Monika Schmid and Kees de Bot focus on language attrition (''in the process of language attrition, lack of contact leads to a reduced level of proficiency in the attriting language''). They investigate the phenomenon of loss at the individual and community level, describing four theoretical models in this field: 1) Jakobson's regression hypothesis 2) Language contact and language change 3) Universal grammar and parameter setting 4) Psycholinguistic questions of accessibility
The discussion of theme shows how linguistic levels are affected by the attritional process and how sociolinguistic variables influence attritional processes.
The contribute of Claire Kramsch concerns the relationship between language, thought and culture. First of all Kramsch traces the history of these kinds of studies in Herder, Von Humboldt, Sapir and Whorf. Secondly she follows the changes of this topic in three areas: semiotic relativity, linguistic relativity, discursive relativity. Finally she considers its implications in applied linguistic research, above all in SLA.
Gardner's essay on conversation analysis ''provides another take on the ways in which speakers use language''. He divides a paper in two parts: the first one identifies the historical roots of CA, developed in 1960s and strongly linked to ethnomethodology; it discusses definitions and characteristics of CA, describing its attributes and principal findings (turn-taking, sequence of actions, repair, turn design). The second part focuses on the application of CA in four contexts (applied linguistics domains): institutional, medical and legal, educational, and second language learning/talk.
Section 4 hosts three chapters for three functional uses of language: language and law, language and gender, stylistics. How Davies claims: what distinguishes Section 4 from Section 3 is that while Section 3 deals with applied linguistics in terms of language, Section 4 concerns applied linguistics in terms of language use''.
Gibbons rightly reminds us that language of law is an important arena for applied linguistics, because the law is such an important and influential institution, and because it is packed with language problems''. The core of this papers, in our opinion, is really important: legal language is usually not understandable by the community. And this is true for many countries where the legal system derived from another culture and language. From here, Gibbons suggests, the need to teach the language of law.
Susan Ehrlich deals with language and gender. She considers ''the importance of recognizing the dynamic and performative nature of linguistic gendered identities'', providing an historical overview of gender research.
McRae and Clark provide an essay about a controversial term: stylistics. It's usually used as an umbrella term so the authors try to define more specific key aspects. A paragraph is dedicated to stylistic methods to teach literature in English for non-native speakers. Section 5 contains two chapters ''dealing with the influence of language in external affairs''. Joseph observes mutual connections between language and politics: he describes politics in grammar and discourse according to the trends of Marxism and structuralism.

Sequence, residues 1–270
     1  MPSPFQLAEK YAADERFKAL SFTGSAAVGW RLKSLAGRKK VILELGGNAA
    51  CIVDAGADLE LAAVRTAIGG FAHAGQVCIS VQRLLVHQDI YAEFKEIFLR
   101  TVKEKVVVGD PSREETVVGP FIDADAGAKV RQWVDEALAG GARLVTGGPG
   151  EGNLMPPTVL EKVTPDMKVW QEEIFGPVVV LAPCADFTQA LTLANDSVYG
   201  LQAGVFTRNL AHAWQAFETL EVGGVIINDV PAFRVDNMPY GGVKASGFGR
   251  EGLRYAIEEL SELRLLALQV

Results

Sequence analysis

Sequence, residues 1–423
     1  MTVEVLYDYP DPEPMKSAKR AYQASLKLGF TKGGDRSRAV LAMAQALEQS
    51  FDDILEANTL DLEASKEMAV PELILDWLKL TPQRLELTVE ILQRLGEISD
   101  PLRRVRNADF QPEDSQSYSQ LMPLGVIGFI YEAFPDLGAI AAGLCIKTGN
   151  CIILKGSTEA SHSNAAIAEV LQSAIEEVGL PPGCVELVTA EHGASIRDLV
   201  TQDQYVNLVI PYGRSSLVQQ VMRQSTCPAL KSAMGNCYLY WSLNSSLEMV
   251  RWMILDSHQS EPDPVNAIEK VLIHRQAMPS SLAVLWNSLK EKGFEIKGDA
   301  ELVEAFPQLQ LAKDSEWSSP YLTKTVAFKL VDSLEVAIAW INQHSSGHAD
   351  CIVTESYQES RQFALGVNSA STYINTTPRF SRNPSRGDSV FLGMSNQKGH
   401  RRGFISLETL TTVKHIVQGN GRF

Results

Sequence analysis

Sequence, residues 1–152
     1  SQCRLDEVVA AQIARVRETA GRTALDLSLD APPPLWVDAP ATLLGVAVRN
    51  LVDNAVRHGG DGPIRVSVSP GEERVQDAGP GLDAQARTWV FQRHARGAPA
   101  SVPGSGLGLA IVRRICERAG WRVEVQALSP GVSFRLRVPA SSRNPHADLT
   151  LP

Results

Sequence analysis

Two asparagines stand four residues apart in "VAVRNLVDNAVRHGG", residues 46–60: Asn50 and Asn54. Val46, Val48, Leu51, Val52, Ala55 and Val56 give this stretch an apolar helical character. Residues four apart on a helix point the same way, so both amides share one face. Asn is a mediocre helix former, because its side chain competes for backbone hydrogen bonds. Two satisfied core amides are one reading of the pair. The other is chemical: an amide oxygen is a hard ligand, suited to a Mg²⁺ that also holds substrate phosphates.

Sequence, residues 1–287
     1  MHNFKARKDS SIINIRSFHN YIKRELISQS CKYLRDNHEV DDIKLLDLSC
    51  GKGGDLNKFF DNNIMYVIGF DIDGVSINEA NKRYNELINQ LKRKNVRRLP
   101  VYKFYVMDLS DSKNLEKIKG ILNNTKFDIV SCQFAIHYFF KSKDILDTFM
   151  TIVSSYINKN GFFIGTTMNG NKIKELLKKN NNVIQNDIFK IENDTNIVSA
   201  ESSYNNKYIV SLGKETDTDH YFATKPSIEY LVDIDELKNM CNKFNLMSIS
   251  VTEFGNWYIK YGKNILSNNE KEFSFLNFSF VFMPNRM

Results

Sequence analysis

Bolton dedicates his study to World English, the so called super language created by the spread of English. This language has been studied in different perspectives: descriptive ways, sociolinguistic ways, applied linguistics. Bolton explains all these positions, reviewing the literature through the time. He concludes with some considerations on the importance of WE in applied linguistics.
The last chapter of Part 1 is filled by Rajagopalan's paper on philosophy of applied linguistics. The author traces an historical overview of the philosophical roots of AL, passing trough Chomskyan revolution, post-Chomskyan developments and neo empiricist trends. The last paragraph concerns the ethical implications of work done in applied linguistics.
PART 2 The second part starts from what the editors have classed as weak AL and moves towards strong AL at the end. Davies opens his section (on problem of definition) with the theme of native speaker in applied linguistics. Specifically, he examines ''the relation between the native speaker and non native speaker and raises the question of whether a second foreign language learner who starts learning after puberty can become a native speaker of target language''.
Edward's paper is about language minorities. He deals with issues of definition and categorization of topic. He also suggests that in order to better understand minority language groups it's necessary to use more cross context comparison and more typological work.
A very useful reading for students and researchers is a chapter by Brown about research methods in AL. The author describes types of research; he discusses some methodological approaches in AL; and presents a more constructive approach concern with qualitative and quantitative research. Finally he focuses on some ethical and professional responsibilities in research.